You may have read in the news recently of the bill mandating 100% renewable energy in California by 2045. This follows Massachusetts legislators introducing the same goal last year with a deadline of 2035.
On the surface, this sounds like a positive move for the state as it would increase sustainability and provide more eco-friendly energy production, however evidence suggests that 100% renewable might not be the best way to decarbonize the grid. Since decarbonization is the only way to meet the mandatory Climate Change Policy targets set to cut greenhouse gas emissions, this could potentially be a big problem.
Although well intended, taking such a radical, all or nothing approach to reaching these emissions goals could close off the idea of implementing other solutions. There is still a lot that is unknown about the best way to approach this challenge. Scientists could end up choosing a single emissions-reducing tactic that should lead to the decarbonization of the grid with no certainty that it will work, rather than choose a multifaceted approach, and incorporate innovative technologies as they come along. Experts in the field are not even sure if the 100% renewables approach is the fastest, cheapest, or easiest way to decarbonize the grid.
A well-known disadvantage of solar and wind power is their inconsistencies, often at peak times of energy consumption. As storage solutions are still in the very early stages of testing there is no reliable way to store excess energy generated off-peak. Consequently, it would be necessary to build extra capacity to compensate. Any excess energy would then, unfortunately, be wasted. The more solar that goes back onto the grid without a productive use, the more curtailment any additional solar facilities will face. Value declines at this point which makes moving forward with other solar options less attractive in the future.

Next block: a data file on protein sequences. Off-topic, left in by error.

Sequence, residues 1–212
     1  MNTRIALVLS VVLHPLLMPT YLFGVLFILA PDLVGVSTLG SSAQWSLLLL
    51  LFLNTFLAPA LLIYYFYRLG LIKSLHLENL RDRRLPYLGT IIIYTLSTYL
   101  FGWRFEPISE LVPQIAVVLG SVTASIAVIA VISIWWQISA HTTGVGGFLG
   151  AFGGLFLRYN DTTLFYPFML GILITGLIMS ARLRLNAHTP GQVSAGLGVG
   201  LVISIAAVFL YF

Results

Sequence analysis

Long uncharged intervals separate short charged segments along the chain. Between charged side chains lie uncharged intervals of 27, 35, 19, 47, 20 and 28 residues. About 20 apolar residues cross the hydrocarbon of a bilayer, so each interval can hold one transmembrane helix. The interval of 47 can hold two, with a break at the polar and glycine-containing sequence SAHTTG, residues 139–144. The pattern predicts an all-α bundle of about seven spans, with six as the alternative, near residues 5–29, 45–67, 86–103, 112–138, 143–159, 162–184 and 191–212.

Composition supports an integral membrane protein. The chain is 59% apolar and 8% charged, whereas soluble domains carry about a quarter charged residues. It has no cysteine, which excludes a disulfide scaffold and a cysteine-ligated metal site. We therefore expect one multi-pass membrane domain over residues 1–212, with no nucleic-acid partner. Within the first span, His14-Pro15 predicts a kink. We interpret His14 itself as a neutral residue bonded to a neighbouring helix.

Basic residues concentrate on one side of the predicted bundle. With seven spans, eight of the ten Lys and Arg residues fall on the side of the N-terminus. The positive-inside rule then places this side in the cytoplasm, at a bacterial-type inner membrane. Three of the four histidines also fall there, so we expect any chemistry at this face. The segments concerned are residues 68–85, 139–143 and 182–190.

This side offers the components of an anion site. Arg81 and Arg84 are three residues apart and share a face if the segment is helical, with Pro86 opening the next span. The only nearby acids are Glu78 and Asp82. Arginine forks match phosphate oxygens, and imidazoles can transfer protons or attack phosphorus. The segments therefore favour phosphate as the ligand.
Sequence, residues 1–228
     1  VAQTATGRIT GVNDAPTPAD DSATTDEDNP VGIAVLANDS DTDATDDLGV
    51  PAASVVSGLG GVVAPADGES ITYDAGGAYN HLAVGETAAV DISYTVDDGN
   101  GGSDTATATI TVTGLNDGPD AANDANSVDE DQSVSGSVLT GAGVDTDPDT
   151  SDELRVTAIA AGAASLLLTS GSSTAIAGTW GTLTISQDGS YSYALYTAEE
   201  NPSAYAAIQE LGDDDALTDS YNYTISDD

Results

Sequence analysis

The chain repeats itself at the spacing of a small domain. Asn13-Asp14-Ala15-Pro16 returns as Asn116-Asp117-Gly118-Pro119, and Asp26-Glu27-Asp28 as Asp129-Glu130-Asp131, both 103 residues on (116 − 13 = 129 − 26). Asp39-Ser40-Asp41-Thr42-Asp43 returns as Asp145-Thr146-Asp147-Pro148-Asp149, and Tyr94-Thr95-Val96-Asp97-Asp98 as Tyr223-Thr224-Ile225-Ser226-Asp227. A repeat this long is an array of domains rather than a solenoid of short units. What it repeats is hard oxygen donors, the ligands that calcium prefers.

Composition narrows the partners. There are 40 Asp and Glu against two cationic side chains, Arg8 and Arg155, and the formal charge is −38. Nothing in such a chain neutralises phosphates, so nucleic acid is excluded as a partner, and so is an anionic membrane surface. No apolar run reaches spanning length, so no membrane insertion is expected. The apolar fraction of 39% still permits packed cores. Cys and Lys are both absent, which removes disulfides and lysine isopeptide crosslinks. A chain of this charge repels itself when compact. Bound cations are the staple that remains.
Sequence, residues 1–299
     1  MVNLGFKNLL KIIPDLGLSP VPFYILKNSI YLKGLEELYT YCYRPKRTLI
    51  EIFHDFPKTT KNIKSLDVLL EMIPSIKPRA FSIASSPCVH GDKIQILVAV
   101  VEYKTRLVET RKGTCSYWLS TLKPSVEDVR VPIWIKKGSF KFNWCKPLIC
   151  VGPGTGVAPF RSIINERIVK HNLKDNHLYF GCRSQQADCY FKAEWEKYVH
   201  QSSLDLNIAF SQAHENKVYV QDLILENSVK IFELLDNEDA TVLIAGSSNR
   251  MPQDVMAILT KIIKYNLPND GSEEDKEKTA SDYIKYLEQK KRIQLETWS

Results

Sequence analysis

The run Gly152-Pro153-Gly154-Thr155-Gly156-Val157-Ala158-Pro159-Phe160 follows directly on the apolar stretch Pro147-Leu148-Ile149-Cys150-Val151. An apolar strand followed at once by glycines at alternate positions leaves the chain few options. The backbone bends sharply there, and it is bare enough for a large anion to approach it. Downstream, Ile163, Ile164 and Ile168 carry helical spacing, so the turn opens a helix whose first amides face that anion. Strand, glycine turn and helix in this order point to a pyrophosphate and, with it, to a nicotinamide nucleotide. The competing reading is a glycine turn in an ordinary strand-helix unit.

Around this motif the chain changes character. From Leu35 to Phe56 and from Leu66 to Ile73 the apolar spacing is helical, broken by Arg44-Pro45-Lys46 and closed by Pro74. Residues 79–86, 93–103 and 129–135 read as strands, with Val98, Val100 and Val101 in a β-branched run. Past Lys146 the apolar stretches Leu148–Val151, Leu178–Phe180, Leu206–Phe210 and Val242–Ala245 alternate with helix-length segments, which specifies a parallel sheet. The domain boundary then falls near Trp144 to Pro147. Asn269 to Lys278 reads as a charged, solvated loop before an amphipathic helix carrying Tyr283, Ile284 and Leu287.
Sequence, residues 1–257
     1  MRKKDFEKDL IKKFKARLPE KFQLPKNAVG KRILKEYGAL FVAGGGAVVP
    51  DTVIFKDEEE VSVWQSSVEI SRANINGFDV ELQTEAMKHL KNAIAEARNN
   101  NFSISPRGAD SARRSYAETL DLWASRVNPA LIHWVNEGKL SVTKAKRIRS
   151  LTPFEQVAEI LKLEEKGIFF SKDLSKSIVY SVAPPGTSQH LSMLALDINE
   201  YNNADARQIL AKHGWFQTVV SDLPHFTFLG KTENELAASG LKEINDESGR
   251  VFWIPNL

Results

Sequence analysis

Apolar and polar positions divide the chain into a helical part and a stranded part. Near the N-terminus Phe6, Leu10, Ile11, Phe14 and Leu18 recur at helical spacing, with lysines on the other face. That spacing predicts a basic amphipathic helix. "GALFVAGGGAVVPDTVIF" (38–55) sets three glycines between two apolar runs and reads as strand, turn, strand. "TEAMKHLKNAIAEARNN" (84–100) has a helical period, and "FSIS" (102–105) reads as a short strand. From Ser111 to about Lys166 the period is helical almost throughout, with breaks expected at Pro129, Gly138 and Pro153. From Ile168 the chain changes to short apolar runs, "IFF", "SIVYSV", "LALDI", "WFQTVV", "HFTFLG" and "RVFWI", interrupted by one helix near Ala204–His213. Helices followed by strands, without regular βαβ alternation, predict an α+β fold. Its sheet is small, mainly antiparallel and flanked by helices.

It’s true to say a zero-carbon mandate for the Californian market would be a powerful driver for the development of advanced storage technologies, but it would be important to update technology as it becomes available and allow flexible integration rather than a rigid system.
There is a delicate balance between going full steam ahead with renewable energy initiatives and taking the time to research, test, and consider all options. This may not be the most expedient way to reach our goals, but it might ensure that investments aren’t wasted in the future, further hindering progress. Choosing one pathway alone would mean shutting out other potential decarbonization solutions.